9. MichaelD

    MichaelD Lifer

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    Hmm...nah, not really. I'm assuming the room will have windows, but it will be climate-controlled. Shouldn't be a problem.

    Quickcrete is sounding better and better. :beer: That's the stuff you just mix with water and be done with it, right? I'll buy one of those disposable "Homer buckets" from HD and a trowel. Done. :cool:
     
  10. huesmann

    huesmann Diamond Member

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    The weight being concentrated doesn't make it stable at all. In fact, if the things tip over, they're more likely to go down than if you didn't fill 'em with concrete simply due to the bending moment of the additional weight.
     
  11. MichaelD

    MichaelD Lifer

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    That DOES make sense. But then how come every stand you can buy, including the VERY expensive "pro" ones are fillable?
     
  12. Shockwave

    Shockwave Banned

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    Dont fully fill it, fill like the bottom 1/3.
     
  13. NutBucket

    NutBucket Lifer

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    Agreed. Make a fillable base instead:)
     
  14. NokiaDude

    NokiaDude Diamond Member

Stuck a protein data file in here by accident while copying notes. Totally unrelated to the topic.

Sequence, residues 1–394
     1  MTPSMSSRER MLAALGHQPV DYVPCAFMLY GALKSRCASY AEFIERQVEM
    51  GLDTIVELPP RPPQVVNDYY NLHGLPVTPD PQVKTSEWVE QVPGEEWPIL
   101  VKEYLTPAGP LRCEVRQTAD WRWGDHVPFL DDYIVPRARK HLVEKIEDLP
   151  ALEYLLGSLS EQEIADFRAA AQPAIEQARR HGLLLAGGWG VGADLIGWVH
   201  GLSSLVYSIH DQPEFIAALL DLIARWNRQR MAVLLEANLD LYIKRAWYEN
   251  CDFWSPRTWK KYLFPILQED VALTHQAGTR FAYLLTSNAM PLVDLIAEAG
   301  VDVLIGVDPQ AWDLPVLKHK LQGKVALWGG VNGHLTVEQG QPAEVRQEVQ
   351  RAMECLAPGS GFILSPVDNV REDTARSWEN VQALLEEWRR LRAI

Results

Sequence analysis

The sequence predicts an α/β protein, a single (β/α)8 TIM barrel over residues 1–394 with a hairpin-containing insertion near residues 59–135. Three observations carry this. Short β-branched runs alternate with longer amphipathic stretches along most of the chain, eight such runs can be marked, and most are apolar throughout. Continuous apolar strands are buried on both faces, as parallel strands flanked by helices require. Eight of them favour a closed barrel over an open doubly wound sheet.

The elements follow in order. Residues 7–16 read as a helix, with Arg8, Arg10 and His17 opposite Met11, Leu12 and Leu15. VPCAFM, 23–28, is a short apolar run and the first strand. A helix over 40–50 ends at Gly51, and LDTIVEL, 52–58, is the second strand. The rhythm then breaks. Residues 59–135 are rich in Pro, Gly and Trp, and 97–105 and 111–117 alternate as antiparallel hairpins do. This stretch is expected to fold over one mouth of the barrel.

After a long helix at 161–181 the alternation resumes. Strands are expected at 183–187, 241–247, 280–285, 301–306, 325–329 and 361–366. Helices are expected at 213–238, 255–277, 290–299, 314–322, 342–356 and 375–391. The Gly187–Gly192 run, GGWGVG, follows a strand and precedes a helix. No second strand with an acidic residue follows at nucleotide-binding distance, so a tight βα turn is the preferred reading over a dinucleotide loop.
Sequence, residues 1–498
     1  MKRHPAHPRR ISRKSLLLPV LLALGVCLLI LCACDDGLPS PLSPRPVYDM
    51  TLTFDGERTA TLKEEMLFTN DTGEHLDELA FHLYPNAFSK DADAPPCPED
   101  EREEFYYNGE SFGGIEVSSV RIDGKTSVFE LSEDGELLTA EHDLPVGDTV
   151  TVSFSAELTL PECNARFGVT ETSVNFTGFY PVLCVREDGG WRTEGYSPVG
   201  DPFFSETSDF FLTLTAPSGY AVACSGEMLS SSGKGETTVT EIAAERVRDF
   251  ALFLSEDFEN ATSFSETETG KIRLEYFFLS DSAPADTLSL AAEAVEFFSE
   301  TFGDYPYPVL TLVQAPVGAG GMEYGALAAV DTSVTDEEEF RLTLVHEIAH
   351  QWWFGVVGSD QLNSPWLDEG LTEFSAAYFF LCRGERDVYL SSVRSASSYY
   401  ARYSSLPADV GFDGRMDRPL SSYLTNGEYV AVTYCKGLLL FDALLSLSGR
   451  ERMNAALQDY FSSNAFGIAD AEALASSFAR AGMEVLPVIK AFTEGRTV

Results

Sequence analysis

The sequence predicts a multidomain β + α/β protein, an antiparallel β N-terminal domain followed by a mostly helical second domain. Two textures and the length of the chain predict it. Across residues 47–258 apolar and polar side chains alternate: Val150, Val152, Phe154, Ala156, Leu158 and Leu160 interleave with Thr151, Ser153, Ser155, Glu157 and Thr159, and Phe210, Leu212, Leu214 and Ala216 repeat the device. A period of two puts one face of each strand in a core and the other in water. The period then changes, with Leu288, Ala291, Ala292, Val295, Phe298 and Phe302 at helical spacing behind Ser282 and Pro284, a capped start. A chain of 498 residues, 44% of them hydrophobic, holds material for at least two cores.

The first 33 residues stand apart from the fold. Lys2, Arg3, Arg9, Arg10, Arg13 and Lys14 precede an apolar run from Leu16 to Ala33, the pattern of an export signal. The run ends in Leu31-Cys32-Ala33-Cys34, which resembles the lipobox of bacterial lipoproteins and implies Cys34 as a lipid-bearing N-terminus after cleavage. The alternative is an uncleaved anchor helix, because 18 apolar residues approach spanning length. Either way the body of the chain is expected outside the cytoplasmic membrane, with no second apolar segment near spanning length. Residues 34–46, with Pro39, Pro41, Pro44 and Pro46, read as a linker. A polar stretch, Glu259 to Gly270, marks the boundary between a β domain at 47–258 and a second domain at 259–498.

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    You know why they have spaces in-between each slab of concrete on sidewalks? IT'S BECASUE IT EXPANDS WHEN WARM!!!
     
  15. Sukhoi

    Sukhoi Elite Member

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    They probably get filled with stuff to dampen vibrations.
     
  16. RagingBITCH

    RagingBITCH Lifer

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    Very minimally though. That's under 12 hours of direct sunlight. You do see huge cracks in the street sometimes but rarely the driveway. I did mention it above and direct sunglight/heat will not be a problem for Michael. Just chill out.
     
  17. silverpig

    silverpig Lifer

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    Concrete doesn't expand as it hardens. The spaces in the sidewalk are to account for expansion/contraction that it undergoes with the temperature swings of 2 am in January with 1 pm in July.
     
  18. WinkOsmosis

    WinkOsmosis Banned

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    Those cracks are from the soil moving and clay expanding and contracting.